Saturday, 12 October 2019

Movie Review: Judy (2019)


A biographical drama about a star fading into life's twilight, Judy features a powerful Renée Zellweger central performance but is otherwise emotionally monotonal.

It's the late 1960s, and former movie star Judy Garland (Zellweger) is bankrupt and reduced to performing for a few dollars in cheap joints, dragging her two younger kids onto the stage when they should be at school. Her ex-husband Sidney Luft (Rufus Sewell) takes in the children, and in a desperate attempt to raise money Judy heads to London for a series of concerts.

In a series of flashbacks to the late 1930s, every detail of the life of young Judy (Darci Shaw) is controlled by the MGM studio under the watchful eye of boss Louis B. Mayer (Richard Cordery). She is overworked, and studio-supplied pills control her energy, emotions, diet and sleep patterns.

In London, handler Rosalyn Wilder (Jessie Buckley) tries to ensure Judy shows up on stage and on time every night. Judy is depressed to be separated from her kids, fully dependent on pills and alcohol, has trouble sleeping, and refuses to rehearse. Still she frequently shines on stage, but her erratic behaviour tests the patience of the show's promoter.

At a time when Hollywood's men controlled and manipulated children for profit, the young Judy Garland could not have conceivably calculated the high price she had to pay throughout her life in return for global adoration. Judy is the story of a wonderfully talented woman as a spent force, her glory days well behind her, the studio system having sucked her dry and deprived her of any normalcy.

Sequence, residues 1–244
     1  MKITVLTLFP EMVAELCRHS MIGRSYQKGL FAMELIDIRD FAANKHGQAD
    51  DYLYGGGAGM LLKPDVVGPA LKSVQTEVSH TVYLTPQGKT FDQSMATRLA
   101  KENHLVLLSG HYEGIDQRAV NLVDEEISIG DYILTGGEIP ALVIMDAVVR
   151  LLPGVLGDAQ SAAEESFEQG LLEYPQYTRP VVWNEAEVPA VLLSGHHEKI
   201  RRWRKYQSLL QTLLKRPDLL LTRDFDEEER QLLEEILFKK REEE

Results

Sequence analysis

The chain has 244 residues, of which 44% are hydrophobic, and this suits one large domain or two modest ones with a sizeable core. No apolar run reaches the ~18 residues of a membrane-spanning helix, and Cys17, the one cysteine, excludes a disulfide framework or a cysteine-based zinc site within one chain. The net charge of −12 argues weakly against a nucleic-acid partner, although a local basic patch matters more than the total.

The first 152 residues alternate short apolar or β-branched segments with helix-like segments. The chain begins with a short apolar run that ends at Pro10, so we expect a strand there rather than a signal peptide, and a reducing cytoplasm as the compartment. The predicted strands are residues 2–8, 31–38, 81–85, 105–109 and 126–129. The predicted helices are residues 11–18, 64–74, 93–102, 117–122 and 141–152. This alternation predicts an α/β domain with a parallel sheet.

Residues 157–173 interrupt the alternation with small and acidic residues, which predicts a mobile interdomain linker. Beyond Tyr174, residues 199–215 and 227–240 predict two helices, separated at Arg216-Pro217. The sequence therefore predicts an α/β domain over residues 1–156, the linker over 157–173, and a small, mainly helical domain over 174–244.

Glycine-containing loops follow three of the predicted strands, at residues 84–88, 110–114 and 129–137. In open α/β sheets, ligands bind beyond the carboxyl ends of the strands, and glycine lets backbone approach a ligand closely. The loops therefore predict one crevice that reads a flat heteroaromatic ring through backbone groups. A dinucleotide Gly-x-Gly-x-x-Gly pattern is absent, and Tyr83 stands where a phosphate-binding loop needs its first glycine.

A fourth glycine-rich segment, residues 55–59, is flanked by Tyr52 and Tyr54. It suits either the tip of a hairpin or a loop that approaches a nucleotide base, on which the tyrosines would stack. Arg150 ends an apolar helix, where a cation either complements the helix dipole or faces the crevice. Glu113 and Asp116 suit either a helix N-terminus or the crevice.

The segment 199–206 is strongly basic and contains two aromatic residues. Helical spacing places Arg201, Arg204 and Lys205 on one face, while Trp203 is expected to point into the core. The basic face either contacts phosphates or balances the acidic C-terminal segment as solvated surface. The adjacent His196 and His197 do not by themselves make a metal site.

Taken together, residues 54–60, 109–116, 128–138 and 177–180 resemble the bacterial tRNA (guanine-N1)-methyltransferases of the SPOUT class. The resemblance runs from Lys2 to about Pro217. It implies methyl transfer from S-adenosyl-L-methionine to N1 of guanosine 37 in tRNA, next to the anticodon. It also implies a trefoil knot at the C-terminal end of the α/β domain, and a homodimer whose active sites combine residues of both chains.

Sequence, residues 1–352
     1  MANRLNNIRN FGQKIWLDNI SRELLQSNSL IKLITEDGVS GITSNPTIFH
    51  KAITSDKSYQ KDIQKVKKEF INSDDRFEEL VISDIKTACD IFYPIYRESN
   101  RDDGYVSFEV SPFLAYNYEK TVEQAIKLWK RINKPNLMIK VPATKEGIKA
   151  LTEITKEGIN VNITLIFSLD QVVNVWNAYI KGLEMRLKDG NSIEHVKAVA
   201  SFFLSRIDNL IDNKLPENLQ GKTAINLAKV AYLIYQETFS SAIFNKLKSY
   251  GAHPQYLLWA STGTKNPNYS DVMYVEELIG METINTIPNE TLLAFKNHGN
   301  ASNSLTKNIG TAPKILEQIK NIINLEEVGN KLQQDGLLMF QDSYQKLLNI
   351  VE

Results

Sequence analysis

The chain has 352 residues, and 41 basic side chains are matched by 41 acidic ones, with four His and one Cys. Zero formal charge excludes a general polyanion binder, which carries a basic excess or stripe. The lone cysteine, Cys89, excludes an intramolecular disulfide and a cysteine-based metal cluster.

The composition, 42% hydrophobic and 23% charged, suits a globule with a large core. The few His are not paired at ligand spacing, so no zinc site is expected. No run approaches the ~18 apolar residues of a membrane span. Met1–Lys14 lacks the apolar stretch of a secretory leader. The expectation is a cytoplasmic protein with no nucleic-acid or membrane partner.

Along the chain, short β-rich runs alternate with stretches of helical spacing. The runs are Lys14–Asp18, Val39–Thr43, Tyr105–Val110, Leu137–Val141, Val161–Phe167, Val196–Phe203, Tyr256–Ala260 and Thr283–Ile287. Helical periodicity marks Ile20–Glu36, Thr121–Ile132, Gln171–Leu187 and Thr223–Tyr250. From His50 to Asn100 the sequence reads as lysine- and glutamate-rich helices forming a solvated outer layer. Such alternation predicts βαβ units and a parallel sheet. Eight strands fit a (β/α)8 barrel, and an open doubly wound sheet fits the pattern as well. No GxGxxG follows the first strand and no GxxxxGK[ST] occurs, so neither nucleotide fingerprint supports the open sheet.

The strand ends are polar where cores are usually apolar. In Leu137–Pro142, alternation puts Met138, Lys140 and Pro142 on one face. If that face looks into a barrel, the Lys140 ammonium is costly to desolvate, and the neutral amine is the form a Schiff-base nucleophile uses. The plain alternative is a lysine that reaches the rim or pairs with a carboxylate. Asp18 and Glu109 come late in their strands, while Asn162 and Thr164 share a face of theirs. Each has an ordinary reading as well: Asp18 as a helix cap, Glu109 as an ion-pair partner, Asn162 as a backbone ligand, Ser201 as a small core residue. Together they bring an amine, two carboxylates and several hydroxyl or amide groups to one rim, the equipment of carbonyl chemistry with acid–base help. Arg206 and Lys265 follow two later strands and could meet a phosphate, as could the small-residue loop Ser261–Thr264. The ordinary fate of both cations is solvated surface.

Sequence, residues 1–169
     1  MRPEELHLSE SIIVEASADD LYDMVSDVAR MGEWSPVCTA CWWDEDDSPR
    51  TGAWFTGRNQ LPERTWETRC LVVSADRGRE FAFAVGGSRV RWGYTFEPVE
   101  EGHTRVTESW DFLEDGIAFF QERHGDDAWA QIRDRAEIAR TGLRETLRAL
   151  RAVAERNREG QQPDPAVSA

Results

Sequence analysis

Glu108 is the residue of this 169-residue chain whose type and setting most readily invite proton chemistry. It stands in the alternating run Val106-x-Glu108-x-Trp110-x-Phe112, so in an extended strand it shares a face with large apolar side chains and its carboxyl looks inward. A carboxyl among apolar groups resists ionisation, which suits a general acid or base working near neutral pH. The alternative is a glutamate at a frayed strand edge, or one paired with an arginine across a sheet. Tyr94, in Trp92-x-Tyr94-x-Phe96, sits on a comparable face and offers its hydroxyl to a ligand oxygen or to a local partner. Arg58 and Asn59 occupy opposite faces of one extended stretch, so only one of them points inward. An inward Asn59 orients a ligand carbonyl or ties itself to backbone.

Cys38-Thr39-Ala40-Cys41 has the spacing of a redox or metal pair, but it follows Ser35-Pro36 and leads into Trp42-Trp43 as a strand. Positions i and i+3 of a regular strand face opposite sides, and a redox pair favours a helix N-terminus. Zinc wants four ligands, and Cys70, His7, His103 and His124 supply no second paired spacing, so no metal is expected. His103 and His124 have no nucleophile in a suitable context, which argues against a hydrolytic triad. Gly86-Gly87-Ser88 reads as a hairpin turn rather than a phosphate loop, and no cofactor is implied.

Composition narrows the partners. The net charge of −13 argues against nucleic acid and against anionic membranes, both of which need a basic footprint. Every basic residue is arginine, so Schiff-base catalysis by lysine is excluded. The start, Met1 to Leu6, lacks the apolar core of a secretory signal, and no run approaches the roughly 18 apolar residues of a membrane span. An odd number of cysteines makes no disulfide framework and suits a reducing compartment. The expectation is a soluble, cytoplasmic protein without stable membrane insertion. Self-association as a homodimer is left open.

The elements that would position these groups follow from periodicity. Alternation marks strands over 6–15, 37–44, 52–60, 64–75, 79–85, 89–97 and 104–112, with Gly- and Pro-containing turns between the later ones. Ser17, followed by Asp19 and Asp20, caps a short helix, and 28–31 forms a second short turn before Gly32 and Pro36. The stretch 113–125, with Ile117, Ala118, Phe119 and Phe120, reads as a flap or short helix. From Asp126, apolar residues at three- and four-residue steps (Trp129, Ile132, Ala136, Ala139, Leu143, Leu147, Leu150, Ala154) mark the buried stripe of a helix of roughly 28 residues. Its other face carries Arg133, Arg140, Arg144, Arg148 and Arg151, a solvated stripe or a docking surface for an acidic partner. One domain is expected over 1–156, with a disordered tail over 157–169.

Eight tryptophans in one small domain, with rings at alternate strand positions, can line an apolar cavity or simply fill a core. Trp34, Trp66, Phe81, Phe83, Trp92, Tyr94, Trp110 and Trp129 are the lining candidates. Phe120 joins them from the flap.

The film is written by David Evans (better known as U2's The Edge) as an adaptation of the play End of the Rainbow by Peter Quilterand. Rather unfortunately, all that Judy has to say is revealed in the opening 30 minutes. By the time Garland is struggling to pull herself onto the London stage for the first time, the movie has a further 90 minutes to run and not much left to say. As an indication of the narrative inertness the few flashback scenes to Judy's childhood emerge as the more enjoyable jolts of energy.

Renée Zellweger is relatively stranded in the sameness of the material, but is nevertheless stellar throughout. Aided by transformational makeup she shines in portraying Judy as a mournful former star aware of the impact she can still have on an adoring public, but unable to undo the damage of a lost childhood and a brain eternally warped on chemicals and alcohol. The singing performance scenes are strong, director Rupert Goold emphasizing the loneliness of the stage.

Consistent with the absence of any evolving drama, the rest of the cast is underpowered and contributes little. Jessie Buckley as chief handler Rosalyn shows character promise but is provided with a functionally truncated role, while Finn Wittrock as fifth husband Mickey Deans drifts in and out of the movie as an advertisement for convenient masculinity. More positive is the excellent set design evoking a late 1960s vibe, a swinging and hip London confirming Garland's status as a throwback misfit.

A sad chapter in the life of a great star, Judy twinkles then fades away.






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